If you know me, you will know that I absolutely love going to the movies. I love the smell of freshly popped popcorn. I love seeing whom else is in the theatre. But most of all, I love movies. I love the stories they tell. I love that in the movie theatre it is a communal story experience; you can hear others laugh, see them be shocked, or even wipe a small tear from their eye. Movies are a brilliant story telling medium that brings together visual, musical and even spoken elements in order to tell us a story. Movies capture our emotions, and they allow us to escape our current world and enter into a new one. For a few hours in the darkness of a movie theatre you can be in Middle Earth or Paris or a place where people break-out into song regularly.
I think movies, like any good story, have helped me understand my own life better.
The Park Cinema has it’s own story too. It opened in 1941, and since that time it has gone through a number of owners. Recently, the Park has been acquired by Cineplex, which is a big movie theatre company. When I lived near there it showed more art-house movies, and it still has a bit of that feel. Cineplex seems to be trying to put more of the artsy Hollywood films at the Park, which by the way, only has one screen. But artsy Hollywood is pretty different than art-house. But for the Park to survive, it has had to adapt. It has had to change with the times. If the Park only continued to show Orson Welles’ “Citizen Kane,” and John Ford’s “How Green Was My Valley,” (both top films from 1941), then it would not still be a movie theatre now in 2013.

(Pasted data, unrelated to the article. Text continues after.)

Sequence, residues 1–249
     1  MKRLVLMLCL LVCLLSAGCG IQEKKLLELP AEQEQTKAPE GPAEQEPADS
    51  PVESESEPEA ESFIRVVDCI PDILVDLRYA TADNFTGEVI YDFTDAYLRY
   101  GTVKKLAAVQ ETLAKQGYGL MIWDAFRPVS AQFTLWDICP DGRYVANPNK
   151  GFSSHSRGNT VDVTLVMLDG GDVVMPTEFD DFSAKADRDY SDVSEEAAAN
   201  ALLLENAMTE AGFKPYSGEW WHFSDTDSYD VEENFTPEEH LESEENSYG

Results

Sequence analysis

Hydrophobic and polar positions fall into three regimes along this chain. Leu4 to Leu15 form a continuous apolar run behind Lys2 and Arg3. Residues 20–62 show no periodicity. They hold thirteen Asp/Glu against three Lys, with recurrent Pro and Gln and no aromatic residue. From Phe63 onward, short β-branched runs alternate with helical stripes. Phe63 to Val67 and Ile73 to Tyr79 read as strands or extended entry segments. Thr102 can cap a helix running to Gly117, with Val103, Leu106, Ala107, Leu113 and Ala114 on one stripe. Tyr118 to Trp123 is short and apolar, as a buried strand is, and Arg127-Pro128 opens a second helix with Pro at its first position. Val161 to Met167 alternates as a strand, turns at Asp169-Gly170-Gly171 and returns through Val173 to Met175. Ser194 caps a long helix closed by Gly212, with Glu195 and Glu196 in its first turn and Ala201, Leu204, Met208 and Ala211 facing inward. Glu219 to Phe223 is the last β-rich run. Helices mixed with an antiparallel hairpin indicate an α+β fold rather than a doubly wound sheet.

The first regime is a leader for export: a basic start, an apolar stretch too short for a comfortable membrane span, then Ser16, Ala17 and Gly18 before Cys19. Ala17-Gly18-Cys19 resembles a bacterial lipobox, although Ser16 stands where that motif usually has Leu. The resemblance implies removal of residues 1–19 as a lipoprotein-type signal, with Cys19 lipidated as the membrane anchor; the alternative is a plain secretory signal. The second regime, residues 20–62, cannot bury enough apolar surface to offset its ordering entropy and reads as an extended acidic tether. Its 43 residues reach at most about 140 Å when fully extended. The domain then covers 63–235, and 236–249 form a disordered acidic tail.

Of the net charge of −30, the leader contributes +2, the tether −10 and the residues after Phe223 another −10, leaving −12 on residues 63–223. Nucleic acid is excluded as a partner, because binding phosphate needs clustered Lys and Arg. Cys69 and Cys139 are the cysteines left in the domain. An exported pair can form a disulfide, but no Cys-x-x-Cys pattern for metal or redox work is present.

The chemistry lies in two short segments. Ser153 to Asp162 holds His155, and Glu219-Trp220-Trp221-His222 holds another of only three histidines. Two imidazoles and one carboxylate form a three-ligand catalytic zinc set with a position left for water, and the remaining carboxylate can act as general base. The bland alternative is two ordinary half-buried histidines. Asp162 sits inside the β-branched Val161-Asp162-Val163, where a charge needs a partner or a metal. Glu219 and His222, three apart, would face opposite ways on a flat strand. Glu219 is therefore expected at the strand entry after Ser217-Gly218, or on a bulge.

We have to move on. We have to adapt. We have to change.
Last month, my husband and I celebrated our nine-month wedding anniversary. We decided to go on a date. We went to Cambie Village and to Biercraft, a Belgium Beer restaurant, where we split dinner, dessert, and a sampler of 4 different beers. Then we went to see Baz Luhrmann’s “The Great Gatsby,” which has at its center a man stuck in the past. Gatsby is nostalgic – no obsessed – with the Daisy, who is now a married woman. It was this fantastical re-telling of the great American novel that brought me back to the Park Cinema - back into a part of my own past.
Lately I have been thinking a lot about how often I get stuck in the past. But unlike Gatsby, I’m not really nostalgic for the past, I’m more haunted by it.
I get caught in a cycle of regret and hurt. In my mind, I try to figure out what I did wrong. How I could have done better, been better. And somehow I think that if I could figure it out, then maybe I wouldn’t make the same mistakes again. All the while living in my present, making new mistakes, including sometimes being just a shadow. Often I’m in a daze, and I hear my husband’s voice coming through, asking, “What are you thinking about?” And most of the time, I'm thinking about something that happened over a year ago.
It’s easy to get stuck in the past.
But through the love of my husband and close friends (like my former housemates in Connecticut), I have been able to let go recently. It’s not a perfect moving on, but it’s progress. It’s trying to let the past have it's proper place and not to be an almost idol. It's knowing God has brought me here for a reason, and I’m pretty sure that reason is not to constantly reflect on my past failures. I’m seeking to trust in God’s goodness and sovereignty and to know the finality of His forgiveness. And through God’s help I am beginning to plant roots here – to be real here – to be present here.
If you too get stuck in the past - be encouraged. You are not alone.